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Following up on the question "What curse did Peter Pettigrew use to kill thirteen muggles at once?", how come large-scale spells are quite rare / not used often in the Harry Potter world?

Off the top of my head I can recall:

Pardon for not remembering the details, surely someone can chip in to correct me if I called something wrong.

Why are large-scale spells not used often, especially in many-on-many battles?

One possible explanation is that they're simply too difficult for a single wizard to manage alone. The defense shield over Hogwarts might be a sample of this, as, if I recall correctly off the top of my head, it was a lot of small spells, not one large spell.
However from the first reference in the above list, we might see a counter-example, as Goyle isn't generally shown to be the mightiest of wizards, yet he creates a large-scale inferno.

We can see that Dumbledore, possibly the greatest wizard of his era, can manage such spells even after being severely hurt (see the reference in the list above), wouldn't other wizards of similar scale, for example, Voldemort, be able to use such spells to fight off a number of enemies at a time easily?

If there are any canon explanations that would be great, but logical reasoning will do as well.

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No means to contradict, but I think the fire in the RoR caused by Fiendfyre spell was so great mostly because of all the things that caught on fire, and then magnified by the effect of the Horcrux. –  quapka Jun 10 at 9:12
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Wizards too OP. Rowling nerfed them. –  Voldemort Jun 10 at 10:23
    
Personally, I would guess it's for the same reason that people have two hands but rarely actually use two one-handed weapons, such as handguns and swords. Humans have finite attention and concentration capabilities, so you'd probably be less efficient (in absolute terms) with two weapons than if you'd be with one. –  Theodoros Chatzigiannakis Jun 10 at 12:47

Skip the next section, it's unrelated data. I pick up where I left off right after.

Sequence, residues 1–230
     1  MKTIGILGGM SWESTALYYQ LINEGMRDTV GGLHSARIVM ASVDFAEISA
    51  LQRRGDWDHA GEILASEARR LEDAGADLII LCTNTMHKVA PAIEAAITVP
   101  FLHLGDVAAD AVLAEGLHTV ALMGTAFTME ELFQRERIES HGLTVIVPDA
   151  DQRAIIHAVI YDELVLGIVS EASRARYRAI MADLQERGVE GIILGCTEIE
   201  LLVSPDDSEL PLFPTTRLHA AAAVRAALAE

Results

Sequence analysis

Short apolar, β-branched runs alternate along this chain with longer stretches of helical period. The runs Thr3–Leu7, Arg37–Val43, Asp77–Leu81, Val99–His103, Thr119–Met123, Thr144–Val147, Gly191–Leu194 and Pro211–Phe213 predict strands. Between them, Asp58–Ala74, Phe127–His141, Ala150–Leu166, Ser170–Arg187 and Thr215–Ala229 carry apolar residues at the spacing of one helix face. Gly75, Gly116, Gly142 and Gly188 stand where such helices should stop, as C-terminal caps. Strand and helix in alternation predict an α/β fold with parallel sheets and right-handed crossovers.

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Related: In the Star Trek universe, why is the highly useful "wide area stun" setting on phasers used so rarely? –  Michael Jun 10 at 19:32
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@Raphael well, I personally have knives but don't have any artillery, so I lack that option while wizards in HP do not lack the equivalent. That said, I do think you're onto something, and there's a reason why police officers don't use flamethrowers for busting petty thieves. Or at least, they won't until there are Homeland Security grants for flamethrowers. –  Jon Hanna Jun 11 at 10:27
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4 Answers 4

I think it's interesting that you bring up Goyle's fiendfyre spell and the large-scale inferno that he creates using it, considering the main cause of that was his inability to actually control the spell, and he nearly killed everybody in the Room of Requirement (which included himself) as a result.

That's probably the reason spells like that aren't used very often. They're difficult to control, the results can be absolutely disastrous if you don't have full control over them, and even for powerful wizards like Dumbledore or Voldemort, the potential for collateral damage is pretty severe.

The only large fight scenes we see are chaotic, with enemies and allies all over the place, so there would be no way to use such a spell without also hitting those on your own side. It's entirely possible that Voldemort would have used such a spell if he was fighting a group alone with no nearby allies, but I don't think we ever see such a fight in the books. Even Voldemort seems to be against wasting magical blood when it can be avoided, as evidenced at the end of Deathly Hallows, so I think even he'd avoid needlessly killing his Death Eaters as much as possible.